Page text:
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CO3 interview Norman Carson, winner of the 2018 Trustee of the Year Award, to find out what winning the Award meant to him

CO3 interview Norman Carson, winner of the 2018 Trustee of the Year Award, to find out what winning the Award meant to him


1. What did winning the Trustee of the Year Award mean to you?

After I recovered from the genuine shock when my name was read out, the impact of what had happened became a true reality. I was delighted, considering the extent of the total charity sector and number of trustees throughout the sector. What an honour to be named as one worthy of the title but also a great appreciation of the staff and for the staff who "believe in me."


2. Would you recommend entering the CO3 Leadership Awards?

I would highly recommend to all appropriate leaders in various categories - enter the awards! It gives staff in organisations an opportunity to recognise the leader but, through publicity, it is an opportunity for the 3rd sector, supported by CO3 to demonstrate how strong the sector is and the high calibre of staff it employs to carry out its vast array of services for the public benefit.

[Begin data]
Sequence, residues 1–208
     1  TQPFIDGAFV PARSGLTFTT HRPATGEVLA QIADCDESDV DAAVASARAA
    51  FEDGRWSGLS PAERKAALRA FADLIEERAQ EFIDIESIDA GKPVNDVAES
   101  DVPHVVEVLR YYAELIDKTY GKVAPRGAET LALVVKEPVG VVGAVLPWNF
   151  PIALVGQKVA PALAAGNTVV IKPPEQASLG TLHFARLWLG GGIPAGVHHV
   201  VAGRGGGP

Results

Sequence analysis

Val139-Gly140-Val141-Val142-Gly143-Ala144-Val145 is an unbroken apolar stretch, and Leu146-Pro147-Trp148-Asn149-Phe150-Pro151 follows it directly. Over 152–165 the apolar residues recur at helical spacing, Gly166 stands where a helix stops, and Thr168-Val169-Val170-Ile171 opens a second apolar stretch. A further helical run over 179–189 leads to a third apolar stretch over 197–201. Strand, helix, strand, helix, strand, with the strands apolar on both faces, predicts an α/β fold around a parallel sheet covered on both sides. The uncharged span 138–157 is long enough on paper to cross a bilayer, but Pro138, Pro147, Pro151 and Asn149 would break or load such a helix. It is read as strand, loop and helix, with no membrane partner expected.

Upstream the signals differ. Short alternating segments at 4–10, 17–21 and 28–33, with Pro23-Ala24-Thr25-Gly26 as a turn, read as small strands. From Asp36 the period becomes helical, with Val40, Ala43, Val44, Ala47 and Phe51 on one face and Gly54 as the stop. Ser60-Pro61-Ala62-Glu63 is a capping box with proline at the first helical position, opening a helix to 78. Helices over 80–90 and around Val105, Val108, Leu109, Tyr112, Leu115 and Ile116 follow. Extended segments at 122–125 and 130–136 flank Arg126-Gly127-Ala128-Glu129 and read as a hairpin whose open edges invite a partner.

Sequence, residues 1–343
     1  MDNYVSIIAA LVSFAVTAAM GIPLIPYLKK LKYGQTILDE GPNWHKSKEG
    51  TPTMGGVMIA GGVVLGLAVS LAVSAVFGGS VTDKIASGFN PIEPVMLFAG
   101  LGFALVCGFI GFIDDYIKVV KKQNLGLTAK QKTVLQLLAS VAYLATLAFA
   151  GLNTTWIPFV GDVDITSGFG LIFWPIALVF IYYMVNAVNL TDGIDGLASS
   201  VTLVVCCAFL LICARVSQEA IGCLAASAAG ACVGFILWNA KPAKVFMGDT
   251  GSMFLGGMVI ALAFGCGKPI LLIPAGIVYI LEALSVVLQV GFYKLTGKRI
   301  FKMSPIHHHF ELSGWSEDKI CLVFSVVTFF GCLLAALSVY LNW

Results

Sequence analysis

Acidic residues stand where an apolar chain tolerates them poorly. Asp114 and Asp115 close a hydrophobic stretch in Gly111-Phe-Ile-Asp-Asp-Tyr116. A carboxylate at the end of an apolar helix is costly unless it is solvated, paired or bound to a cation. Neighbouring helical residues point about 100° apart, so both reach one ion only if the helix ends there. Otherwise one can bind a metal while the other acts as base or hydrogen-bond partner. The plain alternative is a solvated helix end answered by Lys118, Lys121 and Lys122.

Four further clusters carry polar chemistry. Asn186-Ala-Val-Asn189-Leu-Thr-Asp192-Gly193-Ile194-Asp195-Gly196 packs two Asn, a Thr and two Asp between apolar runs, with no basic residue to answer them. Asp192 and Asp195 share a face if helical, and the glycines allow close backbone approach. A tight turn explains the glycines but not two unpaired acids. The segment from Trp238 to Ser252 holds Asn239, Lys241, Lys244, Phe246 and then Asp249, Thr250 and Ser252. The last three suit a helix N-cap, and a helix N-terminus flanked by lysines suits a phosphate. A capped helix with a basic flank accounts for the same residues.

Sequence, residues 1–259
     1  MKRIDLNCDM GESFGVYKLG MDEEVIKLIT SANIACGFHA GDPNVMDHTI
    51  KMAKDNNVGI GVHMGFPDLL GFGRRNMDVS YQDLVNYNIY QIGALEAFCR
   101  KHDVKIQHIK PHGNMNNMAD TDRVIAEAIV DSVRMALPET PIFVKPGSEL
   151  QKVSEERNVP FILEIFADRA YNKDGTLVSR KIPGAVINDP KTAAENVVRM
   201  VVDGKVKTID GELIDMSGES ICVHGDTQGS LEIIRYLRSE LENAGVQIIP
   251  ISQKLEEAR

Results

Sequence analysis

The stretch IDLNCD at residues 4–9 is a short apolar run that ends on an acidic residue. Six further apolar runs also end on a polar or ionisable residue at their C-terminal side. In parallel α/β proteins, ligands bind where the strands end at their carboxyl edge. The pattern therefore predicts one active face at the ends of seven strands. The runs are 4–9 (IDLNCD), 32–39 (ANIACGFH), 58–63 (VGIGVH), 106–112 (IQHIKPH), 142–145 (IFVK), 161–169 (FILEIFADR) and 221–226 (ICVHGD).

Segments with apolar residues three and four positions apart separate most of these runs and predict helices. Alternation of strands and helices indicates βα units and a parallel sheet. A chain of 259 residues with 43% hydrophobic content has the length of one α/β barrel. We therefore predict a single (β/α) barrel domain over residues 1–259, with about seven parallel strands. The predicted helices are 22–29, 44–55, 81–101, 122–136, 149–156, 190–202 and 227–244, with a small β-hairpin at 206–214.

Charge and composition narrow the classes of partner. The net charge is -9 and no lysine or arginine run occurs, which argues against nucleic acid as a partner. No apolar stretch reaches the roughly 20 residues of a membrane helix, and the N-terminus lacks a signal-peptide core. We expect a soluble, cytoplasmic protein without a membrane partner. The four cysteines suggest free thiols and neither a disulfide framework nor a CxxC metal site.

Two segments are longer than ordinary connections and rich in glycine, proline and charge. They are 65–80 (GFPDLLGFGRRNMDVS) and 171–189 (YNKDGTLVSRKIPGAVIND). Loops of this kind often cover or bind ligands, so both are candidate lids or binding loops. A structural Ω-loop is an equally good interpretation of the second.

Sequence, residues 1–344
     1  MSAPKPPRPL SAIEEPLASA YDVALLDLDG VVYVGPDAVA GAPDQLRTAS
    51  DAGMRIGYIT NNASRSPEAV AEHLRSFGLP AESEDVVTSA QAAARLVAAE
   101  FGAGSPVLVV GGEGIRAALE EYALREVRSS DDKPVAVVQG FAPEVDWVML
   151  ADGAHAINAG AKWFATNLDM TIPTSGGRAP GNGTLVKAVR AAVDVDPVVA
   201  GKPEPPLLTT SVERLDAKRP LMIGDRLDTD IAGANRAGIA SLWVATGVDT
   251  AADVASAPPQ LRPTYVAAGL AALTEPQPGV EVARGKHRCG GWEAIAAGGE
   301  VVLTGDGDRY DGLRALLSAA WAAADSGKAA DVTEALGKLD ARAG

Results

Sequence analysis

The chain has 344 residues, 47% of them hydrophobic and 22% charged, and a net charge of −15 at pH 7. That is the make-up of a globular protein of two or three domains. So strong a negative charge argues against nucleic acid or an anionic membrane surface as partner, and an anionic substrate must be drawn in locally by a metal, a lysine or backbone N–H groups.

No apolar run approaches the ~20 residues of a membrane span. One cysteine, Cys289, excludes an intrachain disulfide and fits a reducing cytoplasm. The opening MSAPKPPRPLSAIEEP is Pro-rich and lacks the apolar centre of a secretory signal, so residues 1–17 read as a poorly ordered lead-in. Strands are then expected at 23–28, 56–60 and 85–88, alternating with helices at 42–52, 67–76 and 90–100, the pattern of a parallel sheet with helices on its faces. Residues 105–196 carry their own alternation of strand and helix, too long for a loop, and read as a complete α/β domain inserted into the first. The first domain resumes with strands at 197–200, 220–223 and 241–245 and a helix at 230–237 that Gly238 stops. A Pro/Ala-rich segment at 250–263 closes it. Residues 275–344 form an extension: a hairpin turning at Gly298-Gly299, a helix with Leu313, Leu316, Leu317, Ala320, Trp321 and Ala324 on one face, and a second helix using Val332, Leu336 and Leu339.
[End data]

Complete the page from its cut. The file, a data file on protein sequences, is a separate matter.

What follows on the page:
3. If there was one piece of advice you would offer to another Third Sector leader what would it be?


I firmly believe that the best asset an organisation can have, is it's staff. They are vital to the running of whatever charity. I therefore contend that all organisations should VALUE STAFF and treat them in a dignified and mature manner. This will help give loyalty by staff and ensure they perform at the highest level.


4. What motivates you?

My present concentration of voluntary effort is applied via Action Cancer. In it I have had various roles from trustee to acting Chief executive to Trustee/Chairman. I have stayed with Action Cancer as I believe in it's objectives and services it delivers for the population of Northern Ireland. It is being able to ensure services are provided and staff are encouraged and recognised, that keeps me motivated.


5. What do you think makes a good leader?

I believe that those in leadership need to understand the objectives of the organisation and something of its culture. When that is understood by leaders and "followers" i.e. staff in all roles, then the job of leadership becomes easier. The leader's job is to go out in front, knowing that all involved understand the targets/tasks. This could be quantified in for example, a corporate/strategic plan which has been agreed with achievable objectives.


6. What’s a little known fact about you?

In my early professional life, I was appointed as a Commissioner of Inland Revenue. I Know!! A long time ago - over 30 years.


View the Leadership Award Winners 2018

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